Another possible reason why someone may stop taking their medication is their reaction to the idea of being forced to take it. This can occur in patients who are initially forced to take the medication or in people who feel rejected by the idea of having to take something for life, reacting with aversion to this idea and causing them to end up stopping the medication. Also there may be a reaction or even fear to the idea of depending on taking pills for the rest of their life.

5. Side effects

The main and most frequent reason that leads a person with schizophrenia to stop taking medication is the existence of side effects caused by the medication. Many of the antipsychotics and drugs used can cause serious discomfort to those who use them, especially when it comes to classic neuroleptics. Some of the most common are drowsiness and sedation, along with weight gain .

Among them we can find the emergence of motor problems such as the appearance of akathisia or motor restlessness, dyskinesias, uncontrollable movement or even tremors of the parkinsonian type. Sometimes antiparkinsonian drugs are added to the medication to be taken precisely for this reason. They can also generate symptoms of a sexual nature, such as gynecomastia, galactorrhea (expulsion of milk from the breasts regardless of sex), amenorrhea or erectile dysfunction. Dizziness, gastrointestinal disturbances, tachycardia and other alterations such as an elevation in the blood glucose level (facilitating the appearance of diabetes) may also appear. In some cases even more dangerous problems may arise, such as neuroleptic malignant syndrome or agranulocytosis (which can be fatal).

6. Sleepiness and diminished capacity

Although it is part of the above-mentioned side effects, this element has been separated due to its high prevalence among patients who decide to stop taking their medication. One of the reasons why more people stop taking their medication is the sedation that many of these drugs produce, which in turn has repercussions in a large number of vital areas.

Although the drug may have the symptoms of schizophrenia under control, many patients report problems concentrating or performing mentally, as well as becoming tired and sleepy for much of the day . A decrease in creativity, energy and the desire to do things has also been mentioned. This may lead to alterations in family life, leisure or work.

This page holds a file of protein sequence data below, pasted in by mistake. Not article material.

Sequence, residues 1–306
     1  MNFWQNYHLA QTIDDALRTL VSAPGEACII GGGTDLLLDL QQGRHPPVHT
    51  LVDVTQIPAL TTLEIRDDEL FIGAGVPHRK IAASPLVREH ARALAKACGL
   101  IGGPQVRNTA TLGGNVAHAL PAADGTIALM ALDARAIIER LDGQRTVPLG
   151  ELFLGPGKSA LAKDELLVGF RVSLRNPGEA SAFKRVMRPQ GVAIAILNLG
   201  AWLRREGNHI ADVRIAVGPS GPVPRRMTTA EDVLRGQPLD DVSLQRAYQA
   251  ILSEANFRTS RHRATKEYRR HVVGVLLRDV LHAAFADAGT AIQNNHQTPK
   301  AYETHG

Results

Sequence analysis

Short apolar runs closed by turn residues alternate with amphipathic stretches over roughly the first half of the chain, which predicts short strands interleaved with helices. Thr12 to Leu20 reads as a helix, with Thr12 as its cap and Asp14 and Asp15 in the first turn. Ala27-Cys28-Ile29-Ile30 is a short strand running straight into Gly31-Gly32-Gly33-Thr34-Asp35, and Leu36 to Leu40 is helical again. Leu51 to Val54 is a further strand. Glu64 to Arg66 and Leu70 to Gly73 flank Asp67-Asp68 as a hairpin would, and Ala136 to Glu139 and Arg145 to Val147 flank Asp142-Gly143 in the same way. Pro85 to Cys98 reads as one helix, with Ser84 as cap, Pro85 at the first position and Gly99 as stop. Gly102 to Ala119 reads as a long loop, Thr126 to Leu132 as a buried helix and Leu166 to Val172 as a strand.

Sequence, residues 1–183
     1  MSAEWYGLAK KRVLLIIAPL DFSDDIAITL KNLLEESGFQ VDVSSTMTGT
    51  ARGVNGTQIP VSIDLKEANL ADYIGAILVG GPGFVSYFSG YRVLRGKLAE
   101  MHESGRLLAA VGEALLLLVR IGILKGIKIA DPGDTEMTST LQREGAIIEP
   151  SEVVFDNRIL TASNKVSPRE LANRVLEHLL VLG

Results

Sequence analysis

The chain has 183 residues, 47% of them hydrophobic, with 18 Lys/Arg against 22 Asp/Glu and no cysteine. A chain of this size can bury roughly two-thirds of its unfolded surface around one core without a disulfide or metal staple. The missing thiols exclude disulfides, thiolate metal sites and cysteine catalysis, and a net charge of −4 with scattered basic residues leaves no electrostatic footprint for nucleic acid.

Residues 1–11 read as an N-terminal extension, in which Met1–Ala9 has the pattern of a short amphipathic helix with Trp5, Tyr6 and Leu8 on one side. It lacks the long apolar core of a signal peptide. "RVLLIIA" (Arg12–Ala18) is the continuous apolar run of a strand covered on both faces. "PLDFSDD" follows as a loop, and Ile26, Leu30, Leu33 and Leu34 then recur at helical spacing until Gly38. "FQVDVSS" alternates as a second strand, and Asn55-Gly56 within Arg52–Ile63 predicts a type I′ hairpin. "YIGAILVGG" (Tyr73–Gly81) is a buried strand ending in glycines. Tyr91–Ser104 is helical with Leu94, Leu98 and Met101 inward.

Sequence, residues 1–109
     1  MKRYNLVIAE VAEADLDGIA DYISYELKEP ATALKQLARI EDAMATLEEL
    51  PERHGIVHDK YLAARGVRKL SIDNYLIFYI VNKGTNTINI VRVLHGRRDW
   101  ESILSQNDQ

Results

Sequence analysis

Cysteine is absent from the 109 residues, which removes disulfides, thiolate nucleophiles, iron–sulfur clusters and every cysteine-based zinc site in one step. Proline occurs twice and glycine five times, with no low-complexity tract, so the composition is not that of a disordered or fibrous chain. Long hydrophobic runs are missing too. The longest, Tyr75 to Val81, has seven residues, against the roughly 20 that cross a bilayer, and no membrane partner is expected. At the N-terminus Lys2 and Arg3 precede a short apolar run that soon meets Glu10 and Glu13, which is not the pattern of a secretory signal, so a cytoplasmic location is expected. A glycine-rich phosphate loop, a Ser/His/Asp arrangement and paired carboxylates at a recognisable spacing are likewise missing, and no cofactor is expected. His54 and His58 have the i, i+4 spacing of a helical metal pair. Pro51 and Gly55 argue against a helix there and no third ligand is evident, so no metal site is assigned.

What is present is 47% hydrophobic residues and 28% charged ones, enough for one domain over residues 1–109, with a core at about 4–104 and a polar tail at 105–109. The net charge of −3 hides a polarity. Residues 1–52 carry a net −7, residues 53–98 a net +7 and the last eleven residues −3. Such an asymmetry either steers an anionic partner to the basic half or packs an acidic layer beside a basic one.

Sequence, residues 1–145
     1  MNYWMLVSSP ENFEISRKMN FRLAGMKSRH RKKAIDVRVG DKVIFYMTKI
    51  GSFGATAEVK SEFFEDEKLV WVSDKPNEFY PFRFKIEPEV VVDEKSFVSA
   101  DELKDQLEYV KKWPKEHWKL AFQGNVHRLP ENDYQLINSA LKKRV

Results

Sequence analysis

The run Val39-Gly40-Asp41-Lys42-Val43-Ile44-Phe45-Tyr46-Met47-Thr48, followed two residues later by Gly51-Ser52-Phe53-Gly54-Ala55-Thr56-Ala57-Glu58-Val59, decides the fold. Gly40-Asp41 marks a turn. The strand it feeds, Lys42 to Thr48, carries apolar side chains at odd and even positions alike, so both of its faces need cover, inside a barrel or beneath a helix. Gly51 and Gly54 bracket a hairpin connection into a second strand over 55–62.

6. Lack of effectiveness

Not all drugs work the same in all cases, and there is even a possibility that some drugs may not be effective in treating some cases or that the subject may be resistant to them. Although the procedure to follow would be to modify the dose or the drug, some patients may feel hopeless and abandon the treatment.

7. Stable improvement

One reason that some people stop taking medication, both in schizophrenia and in other disorders (e.g., common in depression or bipolar disorder), is the more or less stable absence of obvious symptoms over a relatively long period of time. The subject may think that he/she has already overcome the problem and that it is no longer necessary to take such medication, having already been cured by the previous medication. Unfortunately, the symptoms often end up reappearing over time or with the presence of stressors.

The importance of treatment adherence

The reasons described above are multiple and, in many cases, understandable. However, schizophrenia is a disorder that generates a great deal of dysfunction in the life of those who suffer it if it is not treated, both in the person’s life and in their environment. It is necessary to employ continuous treatment over time. It is essential for professionals who treat patients with this disorder to carry out psychoeducation for the patient and his/her environment , explaining how it works, the need to take medication and the high level of adherence to the treatment, the risks of not doing so and giving space to the expression of fears, doubts, thoughts, feelings and questions.

If a drug is not effective or has very serious side effects it is possible to look for different alternatives and substances that can replace it . There are also intramuscular depot presentations available that mean that many subjects do not have to take medication frequently (which would solve an aversion to frequent drug consumption or real forgetfulness of the doses and need to take the medication), and even some preparations such as paliperidone palmitate that can be injected monthly (or in some cases even quarterly).

This does not preclude further research into new drugs and alternatives that may address this disorder in a less aversive manner. In fact, it was this concern that generated the exploration and research that led to the emergence of atypical or second generation antipsychotics, as well as numerous advances that are applied today.